The Guardian-Marina Hyde
The prince has secured the services of a hardball US lawyer to deal with Virginia Giuffre’s claims of sexual assault
‘Virginia Roberts Giuffre alleges Andrew sexually assaulted her at Jeffrey Epstein’s mansion in Manhattan when she was 17.’ Photograph: Lindsey Parnaby/AFP/Getty Images
Before we get into it all, let me begin by saying nothing could ever make me question the immense dignity, sanctity and class of the US legal process. It’s really just the latest jewel in the royal family’s many, many crowns that the 95-year-old Queen’s son is now being represented by the guy also defending Armie Hammer over his whole cannibal-fetish-rape situation. Hammer denies all, but you probably know that.
And you certainly know most of the Andrew facts. He is accused in a US civil court by former Jeffrey Epstein sex slave Virginia Roberts Giuffre, who alleges that the prince sexually assaulted her at Epstein’s mansion in Manhattan and at other locations in 2001 when she was 17.
He denies all the accusations – and it’s been a long old road to get to even this point. But once Andrew had finally allowed lawyers to serve him the papers relating to this civil case, a certain change of pace was inevitable. I guess we all grow out of our family’s heritage law firms eventually, and want to make our own way in the world of more avant garde legal possibilities. At some point in recent months, the prince seems to have decided that the people who deal with the Queen’s dog licences and estates exemptions and so on aren’t the kind of hip-and-hardcore legal eagles more suited to his specific needs and aspirations. We all want to be our own person, you know? Even if that person is “61-year-old former chum of a known paedo whose mum is paying his legal bills”. The chum’s legal bills, not the paedo’s. Prince Andrew is simply accused of sex offences against a minor – accusations he has long denied.
So there is absolutely no suggestion that at some point Andrew finally tired of being in social seclusion in this deer park or on that grouse moor, and screamed: “Just get me what Armie Hammer’s having!” (Apart from anything else, that kind of order could lead to a quite grotesque misunderstanding.) But the fact is, HRH is now being represented by Hollywood power attorney Andrew Brettler. And the gloves are suddenly well and truly off.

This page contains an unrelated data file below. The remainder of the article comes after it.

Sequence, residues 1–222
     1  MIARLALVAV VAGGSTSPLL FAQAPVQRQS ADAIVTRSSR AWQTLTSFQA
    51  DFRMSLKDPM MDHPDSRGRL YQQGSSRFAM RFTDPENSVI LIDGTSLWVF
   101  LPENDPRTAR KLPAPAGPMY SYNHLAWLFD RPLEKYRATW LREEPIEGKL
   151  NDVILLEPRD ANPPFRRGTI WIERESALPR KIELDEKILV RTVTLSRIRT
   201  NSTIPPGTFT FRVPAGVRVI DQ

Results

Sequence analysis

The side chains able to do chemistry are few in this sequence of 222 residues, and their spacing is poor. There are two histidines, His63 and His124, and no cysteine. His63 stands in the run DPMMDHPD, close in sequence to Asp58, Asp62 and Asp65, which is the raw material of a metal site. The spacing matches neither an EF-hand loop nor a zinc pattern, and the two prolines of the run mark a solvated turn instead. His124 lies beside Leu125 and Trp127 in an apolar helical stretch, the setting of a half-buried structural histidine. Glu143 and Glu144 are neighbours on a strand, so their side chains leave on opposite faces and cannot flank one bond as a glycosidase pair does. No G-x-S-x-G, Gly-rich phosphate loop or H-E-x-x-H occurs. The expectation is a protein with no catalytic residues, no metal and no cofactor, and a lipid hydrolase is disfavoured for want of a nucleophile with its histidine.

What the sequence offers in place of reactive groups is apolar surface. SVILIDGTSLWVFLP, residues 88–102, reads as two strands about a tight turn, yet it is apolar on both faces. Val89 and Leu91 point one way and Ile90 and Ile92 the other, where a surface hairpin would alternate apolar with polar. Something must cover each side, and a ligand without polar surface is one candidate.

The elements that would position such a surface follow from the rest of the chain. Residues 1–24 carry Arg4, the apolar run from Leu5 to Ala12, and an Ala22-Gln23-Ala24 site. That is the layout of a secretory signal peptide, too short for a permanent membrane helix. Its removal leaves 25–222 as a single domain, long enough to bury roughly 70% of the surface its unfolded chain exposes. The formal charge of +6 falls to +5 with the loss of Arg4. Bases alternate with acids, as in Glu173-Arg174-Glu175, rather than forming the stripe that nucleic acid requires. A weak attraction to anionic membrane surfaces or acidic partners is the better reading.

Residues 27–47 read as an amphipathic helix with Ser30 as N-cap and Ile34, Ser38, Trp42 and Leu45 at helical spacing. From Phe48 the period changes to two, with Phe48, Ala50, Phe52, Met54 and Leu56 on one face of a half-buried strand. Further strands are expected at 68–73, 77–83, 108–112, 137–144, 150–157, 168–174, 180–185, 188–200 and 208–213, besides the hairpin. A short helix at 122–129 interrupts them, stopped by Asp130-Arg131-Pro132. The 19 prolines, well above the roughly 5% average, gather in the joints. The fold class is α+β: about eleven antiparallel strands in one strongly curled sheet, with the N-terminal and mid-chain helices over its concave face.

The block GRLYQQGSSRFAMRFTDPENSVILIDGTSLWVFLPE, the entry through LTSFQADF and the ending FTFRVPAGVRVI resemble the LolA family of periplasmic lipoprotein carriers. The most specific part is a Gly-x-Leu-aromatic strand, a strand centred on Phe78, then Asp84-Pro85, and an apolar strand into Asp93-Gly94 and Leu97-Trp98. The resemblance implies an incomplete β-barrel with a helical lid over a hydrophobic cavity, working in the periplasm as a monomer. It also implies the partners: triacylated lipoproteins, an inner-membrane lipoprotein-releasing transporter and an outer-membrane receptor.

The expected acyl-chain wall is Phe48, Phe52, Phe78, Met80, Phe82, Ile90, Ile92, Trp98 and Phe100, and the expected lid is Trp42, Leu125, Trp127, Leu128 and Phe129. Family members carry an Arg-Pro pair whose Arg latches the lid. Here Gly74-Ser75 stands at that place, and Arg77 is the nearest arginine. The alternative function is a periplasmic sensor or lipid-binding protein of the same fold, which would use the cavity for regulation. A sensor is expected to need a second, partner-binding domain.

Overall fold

How else to explain a new legal filing that teeters on the edge of victim blaming – and then plummets right into it, rolls around it, wallows deeply in it, and then finishes off by making snow angels in it? Lodged with the US district court in Manhattan last Friday, this 36-page motion begins by saying that Giuffre “may well” be a victim of sexual abuse at the hands of Epstein, in which case “nothing can excuse, nor fully capture the abhorrence and gravity of Epstein’s monstrous behavior against Giuffre”. Indeed, Andrew’s lawyers would like to proceed “without diminishing the harm suffered as a result of Epstein’s alleged misconduct”.
Alas, the filing then goes on to: accuse Giuffre of seeking “another payday” at the prince’s expense; claim she has “milk[ed] the publicity” of her association for years; reference a tabloid newspaper article in which nameless former associates brand her a “money-hungry sex kitten” and “head bitch”; break out a whole section supposedly dedicated to “Giuffre’s role in Epstein’s criminal enterprise”; claim she recruited and trafficked young girls for sexual abuse and did so in a way that was “wilful”; suggests her long-running pursuit of justice is diverting judicial time and resources from true victims of abuse; and more – so much more. Which all feels – let’s go out on a limb here – fairly diminishing. Anyone wondering vaguely whether Andrew’s reputation could be damaged any further now has their answer: yes, most definitely.
At first glance it might seem bizarre that the guy who inspired such outrage for completely failing to express sympathies for Epstein’s victims during his infamous Newsnight interview should be doubling down on that front. Indeed, that original glaring omission was followed by a friend of his materialising in the newspapers to insist that, while the prince didn’t regret the interview itself, “the fact he was unable to appropriately or sufficiently convey his sympathy for the victims of Epstein is of course a source of regret”.
Is it bollocks. There are two overriding impressions to be gleaned from this latest filing. One, that Prince Andrew has finally decided he’s in the dogfight of his life, and will now say absolutely anything to prevail in it. And two, that his total blindness to the silly little tragedies of Virginia Roberts Giuffre and all the silly little girls like her has lifted not one iota, despite everything that has happened. I don’t know about being biologically incapable of sweating, but on this evidence he certainly seems biologically incapable of having the first or faintest clue.
- Marina Hyde is a Guardian columnist